UDOO baby room with AI2

This tutorial aims to replicate the Baby Room Automation project found on Hackster.


For this project we will use an Android device, that will run the AI2 application, and a UDOO Board, installed in the baby room. The UDOO Board runs Linux and has a camera, a microphone, the sensors and relays to control the lights.



  • stream the video from the baby room to a remote AI2 app
  • stream the audio from the baby room to a remote AI2 app
  • turn on/off lights in the baby room
  • get data from the sensors, like DHT11 temperature sensor

Turn lights on/off

To control a light you need two buttons (on / off) and any relay, like this one. Connect a lamp to the “normally open” and “in” plugs. On the Arduino side of the relay connect the enable pin to a free GPIO on the UDOO Board. You can the use the digitalWrite method on the UdooArduino component:


Read temperature, motion and audio sensors

We want to get some data from the sensors connected to the UDOO Board:

  • motion sensor: we want to know if the baby moves
  • audio sensor: we want to know if the baby cries
  • temperature sensor: we want to know if the room is too hot


Inside the Timer event of a Clock we read the three sensors. If the digitalRead of the movement sensor returns 1, it means that a movement is detected and the Android device running the AI2 app vibrates.

If the analogRead of the audio sensor returns a number greater than i.e. 50, some noise is detected in the room, and we assume it is the cry of the baby.

We also call ReadSensor on the DHT11 sensor, and we check for the temperature value on the DataReady callback. While digitalRead and analogRead are synchronous, ReadSensor is not, so there is a separate callback for this reason.


Video streaming

The video streaming is achieved installing MJPG-Streamer on the UDOO Board. It exposes a webserver with a MJPEG images, creating a fake (low frame rate) video:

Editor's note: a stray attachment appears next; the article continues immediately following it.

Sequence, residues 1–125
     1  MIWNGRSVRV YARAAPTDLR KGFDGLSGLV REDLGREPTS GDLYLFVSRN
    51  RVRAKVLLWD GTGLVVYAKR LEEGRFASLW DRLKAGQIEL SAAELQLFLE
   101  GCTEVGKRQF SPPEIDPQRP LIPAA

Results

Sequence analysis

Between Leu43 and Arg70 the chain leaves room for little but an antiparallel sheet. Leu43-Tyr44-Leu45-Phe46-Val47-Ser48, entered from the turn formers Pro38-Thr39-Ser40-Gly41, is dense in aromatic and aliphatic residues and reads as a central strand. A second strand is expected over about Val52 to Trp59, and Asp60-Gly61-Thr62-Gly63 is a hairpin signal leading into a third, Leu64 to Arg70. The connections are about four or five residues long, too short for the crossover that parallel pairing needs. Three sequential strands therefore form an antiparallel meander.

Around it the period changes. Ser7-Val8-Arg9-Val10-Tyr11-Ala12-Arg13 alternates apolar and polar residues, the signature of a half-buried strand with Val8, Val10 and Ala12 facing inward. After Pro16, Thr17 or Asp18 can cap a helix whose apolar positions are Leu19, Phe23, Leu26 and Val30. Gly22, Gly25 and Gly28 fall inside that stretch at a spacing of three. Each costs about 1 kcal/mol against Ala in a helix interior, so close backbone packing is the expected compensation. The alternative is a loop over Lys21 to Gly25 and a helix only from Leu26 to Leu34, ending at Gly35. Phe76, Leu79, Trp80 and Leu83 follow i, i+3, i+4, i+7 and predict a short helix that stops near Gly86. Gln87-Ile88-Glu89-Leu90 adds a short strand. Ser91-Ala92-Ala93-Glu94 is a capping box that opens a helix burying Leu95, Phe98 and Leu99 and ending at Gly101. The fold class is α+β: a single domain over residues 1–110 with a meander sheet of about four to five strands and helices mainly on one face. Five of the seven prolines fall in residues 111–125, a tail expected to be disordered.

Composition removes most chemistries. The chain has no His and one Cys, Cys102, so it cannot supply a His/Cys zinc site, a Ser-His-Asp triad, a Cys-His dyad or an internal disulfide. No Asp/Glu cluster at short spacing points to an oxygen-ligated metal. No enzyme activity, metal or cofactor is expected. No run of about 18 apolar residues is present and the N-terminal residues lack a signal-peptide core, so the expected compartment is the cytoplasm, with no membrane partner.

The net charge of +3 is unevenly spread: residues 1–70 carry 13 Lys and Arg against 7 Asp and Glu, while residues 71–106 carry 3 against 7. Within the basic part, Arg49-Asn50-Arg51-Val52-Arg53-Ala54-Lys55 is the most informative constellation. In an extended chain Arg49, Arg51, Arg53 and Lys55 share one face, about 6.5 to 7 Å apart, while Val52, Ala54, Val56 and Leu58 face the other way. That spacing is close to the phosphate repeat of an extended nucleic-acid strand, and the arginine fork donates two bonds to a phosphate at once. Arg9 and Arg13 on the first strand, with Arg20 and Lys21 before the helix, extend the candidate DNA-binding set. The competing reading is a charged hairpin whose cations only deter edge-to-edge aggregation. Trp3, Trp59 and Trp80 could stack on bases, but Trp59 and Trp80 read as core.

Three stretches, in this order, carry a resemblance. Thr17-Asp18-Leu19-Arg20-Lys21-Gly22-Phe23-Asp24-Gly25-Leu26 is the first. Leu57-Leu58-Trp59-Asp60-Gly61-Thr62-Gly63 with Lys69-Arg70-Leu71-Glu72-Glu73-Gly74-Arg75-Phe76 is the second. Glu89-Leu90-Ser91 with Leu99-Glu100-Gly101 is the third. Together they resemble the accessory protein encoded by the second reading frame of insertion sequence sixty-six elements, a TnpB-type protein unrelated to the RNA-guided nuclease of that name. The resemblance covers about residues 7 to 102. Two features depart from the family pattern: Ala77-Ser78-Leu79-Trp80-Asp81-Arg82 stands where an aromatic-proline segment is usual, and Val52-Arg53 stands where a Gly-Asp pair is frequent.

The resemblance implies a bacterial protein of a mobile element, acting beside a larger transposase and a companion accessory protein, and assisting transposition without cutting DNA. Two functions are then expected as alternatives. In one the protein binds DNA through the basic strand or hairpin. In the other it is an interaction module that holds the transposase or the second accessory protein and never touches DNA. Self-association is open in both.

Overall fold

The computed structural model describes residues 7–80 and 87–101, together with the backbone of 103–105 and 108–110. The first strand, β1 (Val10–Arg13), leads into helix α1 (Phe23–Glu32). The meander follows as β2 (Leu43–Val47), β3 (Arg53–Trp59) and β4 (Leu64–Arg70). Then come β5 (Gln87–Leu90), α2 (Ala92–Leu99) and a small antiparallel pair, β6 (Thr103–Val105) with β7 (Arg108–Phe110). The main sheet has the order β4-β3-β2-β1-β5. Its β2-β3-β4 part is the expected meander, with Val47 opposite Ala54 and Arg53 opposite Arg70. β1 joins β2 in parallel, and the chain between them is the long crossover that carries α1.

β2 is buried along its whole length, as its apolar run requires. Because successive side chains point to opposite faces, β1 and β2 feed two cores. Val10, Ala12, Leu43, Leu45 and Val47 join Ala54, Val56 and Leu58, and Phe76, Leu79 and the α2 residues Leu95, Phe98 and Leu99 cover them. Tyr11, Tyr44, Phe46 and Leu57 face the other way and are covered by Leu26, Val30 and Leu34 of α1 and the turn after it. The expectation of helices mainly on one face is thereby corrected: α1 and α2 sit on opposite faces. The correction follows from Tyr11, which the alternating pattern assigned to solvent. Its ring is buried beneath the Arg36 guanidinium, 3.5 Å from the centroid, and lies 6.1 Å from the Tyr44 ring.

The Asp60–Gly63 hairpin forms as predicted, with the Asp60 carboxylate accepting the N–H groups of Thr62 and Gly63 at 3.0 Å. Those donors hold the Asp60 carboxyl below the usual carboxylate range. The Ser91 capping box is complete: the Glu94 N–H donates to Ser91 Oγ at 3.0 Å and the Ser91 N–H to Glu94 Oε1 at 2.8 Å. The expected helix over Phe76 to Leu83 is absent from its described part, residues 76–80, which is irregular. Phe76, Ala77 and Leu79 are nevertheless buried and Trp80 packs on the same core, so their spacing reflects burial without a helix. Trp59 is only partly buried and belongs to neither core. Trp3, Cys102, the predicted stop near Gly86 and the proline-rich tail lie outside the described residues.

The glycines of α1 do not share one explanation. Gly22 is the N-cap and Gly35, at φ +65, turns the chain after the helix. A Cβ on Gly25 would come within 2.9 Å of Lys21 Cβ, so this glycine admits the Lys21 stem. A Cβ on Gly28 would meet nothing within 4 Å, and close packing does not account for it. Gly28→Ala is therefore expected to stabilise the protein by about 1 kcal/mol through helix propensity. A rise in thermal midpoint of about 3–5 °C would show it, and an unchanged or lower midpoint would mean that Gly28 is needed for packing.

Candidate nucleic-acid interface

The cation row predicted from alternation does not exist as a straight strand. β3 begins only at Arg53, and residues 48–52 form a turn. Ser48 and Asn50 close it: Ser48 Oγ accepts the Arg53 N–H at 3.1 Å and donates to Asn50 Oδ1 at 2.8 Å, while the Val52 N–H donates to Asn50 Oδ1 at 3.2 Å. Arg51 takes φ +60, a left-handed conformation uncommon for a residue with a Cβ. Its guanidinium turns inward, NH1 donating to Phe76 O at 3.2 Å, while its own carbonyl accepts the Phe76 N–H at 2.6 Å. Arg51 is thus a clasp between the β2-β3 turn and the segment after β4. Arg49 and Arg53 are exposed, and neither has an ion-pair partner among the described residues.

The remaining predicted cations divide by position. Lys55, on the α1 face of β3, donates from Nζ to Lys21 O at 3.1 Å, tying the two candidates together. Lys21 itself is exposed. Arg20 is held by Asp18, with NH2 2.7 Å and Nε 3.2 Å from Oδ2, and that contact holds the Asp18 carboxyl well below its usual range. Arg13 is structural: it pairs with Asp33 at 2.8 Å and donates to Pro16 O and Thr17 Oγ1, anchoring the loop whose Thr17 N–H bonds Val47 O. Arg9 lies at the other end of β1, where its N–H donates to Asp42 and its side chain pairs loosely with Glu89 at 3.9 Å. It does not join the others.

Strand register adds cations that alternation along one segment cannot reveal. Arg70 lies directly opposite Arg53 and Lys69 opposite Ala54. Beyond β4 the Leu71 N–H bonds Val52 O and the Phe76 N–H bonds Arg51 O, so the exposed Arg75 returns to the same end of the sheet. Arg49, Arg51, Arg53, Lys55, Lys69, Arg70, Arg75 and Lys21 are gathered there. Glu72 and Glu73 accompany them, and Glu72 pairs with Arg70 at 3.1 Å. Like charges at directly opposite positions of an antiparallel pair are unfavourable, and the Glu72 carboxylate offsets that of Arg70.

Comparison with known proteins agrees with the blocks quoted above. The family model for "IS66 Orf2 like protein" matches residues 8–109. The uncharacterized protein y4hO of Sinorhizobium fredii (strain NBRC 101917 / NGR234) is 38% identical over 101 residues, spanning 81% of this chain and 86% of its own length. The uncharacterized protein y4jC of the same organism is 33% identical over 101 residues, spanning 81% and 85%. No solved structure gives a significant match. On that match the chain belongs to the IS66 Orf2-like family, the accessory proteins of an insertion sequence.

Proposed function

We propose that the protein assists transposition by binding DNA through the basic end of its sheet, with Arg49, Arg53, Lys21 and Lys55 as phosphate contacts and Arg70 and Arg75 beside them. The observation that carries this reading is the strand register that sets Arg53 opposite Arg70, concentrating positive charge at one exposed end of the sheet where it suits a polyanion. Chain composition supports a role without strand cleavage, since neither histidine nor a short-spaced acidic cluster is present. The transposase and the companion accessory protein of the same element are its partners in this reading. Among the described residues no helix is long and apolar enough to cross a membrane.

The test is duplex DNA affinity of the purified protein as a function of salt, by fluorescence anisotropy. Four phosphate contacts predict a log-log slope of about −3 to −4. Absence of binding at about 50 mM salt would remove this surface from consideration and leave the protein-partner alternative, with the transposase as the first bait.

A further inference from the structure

ubuntu@udoobuntu: ~/mjpg-streamer/mjpg-streamer-experimental $ ./mjpg_streamer -o "output_http.so -w ./www" -i "input_uvc.so -d /dev/video0 -r 640x480 -y -fps 2"

Then in App Inventor create a WebViewer component and set the URL to

data:text/html;charset=utf-8,<img src="" />

having care to replace with the IP address of the UDOO Board.



Audio streaming

Connect a microphone to the UDOO Board, the install icecast (you can easily find some tutorials on Google). Icecast creates a webradio, records the audio, encodes it in mp3/ogg and streams it over the network.

To play the audio on your board, add a Player component to the AI2 app and set the source to a string containing the radio URL.

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App Inventor (AI2) for the UDOO board

Recently as part of the research activity carried out by the Interaction Design Lab of the University of Siena we started to hack MIT App Inventor 2, making it able to communicate with the Arduino of a UDOO Board running Android KitKat.

What do you need

You need to use a custom version of App Inventor 2. The code is on GitHub. You can easily compile it and run the AI2 server on your computer in order to follow this tutorial.

You will also need to flash this sketch on the Arduino of your UDOO. So of course you will need a UDOO Board :-)

Driving a motor (or a LED)

You can connect any digital device to the Arduino pinout of your UDOO board, like a DC motor or a simple LED:


Create a new App Inventor project and add some buttons to turn the motor and the LED on and off: